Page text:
EGU General Assembly 2020
© Author(s) 2023. This work is distributed under
the Creative Commons Attribution 4.0 License.

Classification and Separation of Diffraction Energy on Pre-Migration Seismic Data using Deep Learning

Brydon Lowney1,2, Ivan Lokmer1,2, Gareth Shane O'Brien3, and Christopher Bean4,1
Brydon Lowney et al.
  • 1University College Dublin, Irish Centre for Research in Applied Geoscience, Hydrocarbons, Dublin, Ireland (
  • 2University College Dublin, School of Earth Sciences, Dublin, Ireland
  • 3Tullow Oil Ltd, Dublin, Ireland
  • 4Dublin Institute of Advances Studies, School of Cosmic Physics, Dublin, Ireland

Diffractions are a useful aspect of the seismic wavefield and are often underutilised. By separating the diffractions from the rest of the wavefield they can be used for various applications such as velocity analysis, structural imaging, and wavefront tomography. However, separating the diffractions is a challenging task due to the comparatively low amplitudes of diffractions as well as the overlap between reflection and diffraction energy. Whilst there are existing analytical methods for separation, these act to remove reflections, leaving a volume which contains diffractions and noise. On top of this, analytical separation techniques can be costly computationally as well as requiring manual parameterisation. To alleviate these issues, a deep neural network has been trained to automatically identify and separate diffractions from reflections and noise on pre-migration data.

Here, a Generative Adversarial Network (GAN) has been trained for the automated separation. This is a type of deep neural network architecture which contains two neural networks which compete against one another. One neural network acts as a generator, creating new data which appears visually similar to the real data, while a second neural network acts as a discriminator, trying to identify whether the given data is real or fake. As the generator improves, so too does the discriminator, giving a deeper understanding of the data. To avoid overfitting to a specific dataset as well as to improve the cross-data applicability of the network, data from several different seismic datasets from geologically distinct locations has been used in training. When comparing a network trained on a single dataset compared to one trained on several datasets, it is seen that providing additional data improves the separation on both the original and new datasets.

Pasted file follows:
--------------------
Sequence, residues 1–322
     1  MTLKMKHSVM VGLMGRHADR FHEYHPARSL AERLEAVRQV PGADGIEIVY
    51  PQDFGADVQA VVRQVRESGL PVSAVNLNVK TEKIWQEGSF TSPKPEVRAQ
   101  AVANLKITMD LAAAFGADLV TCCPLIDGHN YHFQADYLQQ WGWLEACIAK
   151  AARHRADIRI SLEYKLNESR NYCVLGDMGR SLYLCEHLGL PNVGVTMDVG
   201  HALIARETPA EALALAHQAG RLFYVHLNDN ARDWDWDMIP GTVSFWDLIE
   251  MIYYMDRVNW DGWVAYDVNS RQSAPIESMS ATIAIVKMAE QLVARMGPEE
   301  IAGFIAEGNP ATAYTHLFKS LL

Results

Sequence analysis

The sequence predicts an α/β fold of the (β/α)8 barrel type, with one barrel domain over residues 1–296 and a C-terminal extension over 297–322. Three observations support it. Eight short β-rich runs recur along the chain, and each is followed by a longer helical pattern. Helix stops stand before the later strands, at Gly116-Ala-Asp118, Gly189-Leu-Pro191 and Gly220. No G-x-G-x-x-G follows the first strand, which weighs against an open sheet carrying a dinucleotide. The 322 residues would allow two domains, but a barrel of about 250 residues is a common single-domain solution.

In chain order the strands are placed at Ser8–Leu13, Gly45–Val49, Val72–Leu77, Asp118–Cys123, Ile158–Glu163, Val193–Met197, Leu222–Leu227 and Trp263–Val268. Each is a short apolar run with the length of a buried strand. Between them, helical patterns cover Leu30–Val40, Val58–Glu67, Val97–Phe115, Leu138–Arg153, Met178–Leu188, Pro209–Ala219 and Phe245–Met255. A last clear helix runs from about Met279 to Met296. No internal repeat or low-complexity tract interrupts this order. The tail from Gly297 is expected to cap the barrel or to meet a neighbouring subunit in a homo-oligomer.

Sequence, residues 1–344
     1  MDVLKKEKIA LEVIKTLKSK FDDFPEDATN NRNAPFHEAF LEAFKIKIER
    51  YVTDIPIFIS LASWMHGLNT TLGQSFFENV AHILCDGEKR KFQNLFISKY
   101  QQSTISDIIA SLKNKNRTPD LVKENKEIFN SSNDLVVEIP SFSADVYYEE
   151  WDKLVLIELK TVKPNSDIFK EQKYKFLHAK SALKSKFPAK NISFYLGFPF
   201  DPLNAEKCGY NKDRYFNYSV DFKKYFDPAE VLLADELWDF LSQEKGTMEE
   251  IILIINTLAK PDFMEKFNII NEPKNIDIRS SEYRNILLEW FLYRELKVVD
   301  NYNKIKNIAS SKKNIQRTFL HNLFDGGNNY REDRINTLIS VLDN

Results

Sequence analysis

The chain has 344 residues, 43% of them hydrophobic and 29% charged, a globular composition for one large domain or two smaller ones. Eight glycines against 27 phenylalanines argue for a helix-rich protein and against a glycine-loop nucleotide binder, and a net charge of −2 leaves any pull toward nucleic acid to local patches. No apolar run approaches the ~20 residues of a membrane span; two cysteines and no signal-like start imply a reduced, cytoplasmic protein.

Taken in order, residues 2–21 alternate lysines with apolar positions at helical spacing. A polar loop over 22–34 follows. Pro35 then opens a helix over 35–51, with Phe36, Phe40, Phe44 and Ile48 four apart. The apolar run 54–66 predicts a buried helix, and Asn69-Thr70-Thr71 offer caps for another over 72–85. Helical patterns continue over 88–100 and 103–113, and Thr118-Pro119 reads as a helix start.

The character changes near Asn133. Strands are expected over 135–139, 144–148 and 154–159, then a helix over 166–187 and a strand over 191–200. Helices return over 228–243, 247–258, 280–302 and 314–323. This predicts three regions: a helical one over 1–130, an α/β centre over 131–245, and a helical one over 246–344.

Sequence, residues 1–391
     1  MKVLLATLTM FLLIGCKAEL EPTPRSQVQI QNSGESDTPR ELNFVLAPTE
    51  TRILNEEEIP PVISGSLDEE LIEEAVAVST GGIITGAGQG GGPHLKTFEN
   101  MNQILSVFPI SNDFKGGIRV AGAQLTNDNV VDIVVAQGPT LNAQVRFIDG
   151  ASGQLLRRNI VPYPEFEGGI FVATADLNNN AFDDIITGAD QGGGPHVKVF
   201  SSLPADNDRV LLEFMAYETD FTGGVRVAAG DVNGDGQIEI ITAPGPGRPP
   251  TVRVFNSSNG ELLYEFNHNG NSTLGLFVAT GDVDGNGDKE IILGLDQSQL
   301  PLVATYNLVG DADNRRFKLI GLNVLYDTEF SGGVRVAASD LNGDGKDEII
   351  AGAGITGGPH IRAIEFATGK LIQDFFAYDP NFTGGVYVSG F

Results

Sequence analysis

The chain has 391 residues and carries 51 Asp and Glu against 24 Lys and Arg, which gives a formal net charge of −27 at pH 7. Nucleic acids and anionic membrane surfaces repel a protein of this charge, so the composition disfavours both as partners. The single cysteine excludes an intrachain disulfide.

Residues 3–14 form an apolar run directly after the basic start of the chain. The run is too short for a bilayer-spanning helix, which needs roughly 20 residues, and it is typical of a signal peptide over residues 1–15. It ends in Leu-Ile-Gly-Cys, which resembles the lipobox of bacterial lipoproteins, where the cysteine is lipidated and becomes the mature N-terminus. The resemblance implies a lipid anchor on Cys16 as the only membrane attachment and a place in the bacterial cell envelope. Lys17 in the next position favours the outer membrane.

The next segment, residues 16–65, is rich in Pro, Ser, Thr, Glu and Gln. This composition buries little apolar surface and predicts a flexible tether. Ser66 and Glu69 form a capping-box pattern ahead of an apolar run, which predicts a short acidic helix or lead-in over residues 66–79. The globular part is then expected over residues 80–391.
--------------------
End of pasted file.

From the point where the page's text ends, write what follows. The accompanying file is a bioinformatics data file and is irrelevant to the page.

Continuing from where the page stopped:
The automatic separation technique is then compared with a conventional, analytical, separation technique; plane-wave destruction (PWD). The computational cost of the GAN separation is vastly superior to that of PWD, performing a separation in minutes on a 3-D dataset in comparison to hours. Although in some complex areas the GAN separation is of a higher quality than the PWD separation, as it does not rely on the dip, there are also areas where the PWD outperforms the GAN separation. The GAN may be enhanced by adding more training data as well as by improving the initial separation used to create the training data, which is based around PWD and thus is imperfect and can introduce bias into the network. A potential for this is training the GAN entirely using synthetic data, which allows for a perfect separation as the points are known, however, it must be of sufficient volume for training and sufficient quality for real data applicability.

How to cite: Lowney, B., Lokmer, I., O'Brien, G. S., and Bean, C.: Classification and Separation of Diffraction Energy on Pre-Migration Seismic Data using Deep Learning, EGU General Assembly 2020, Online, 4–8 May 2020, EGU2020-5376,, 2020.


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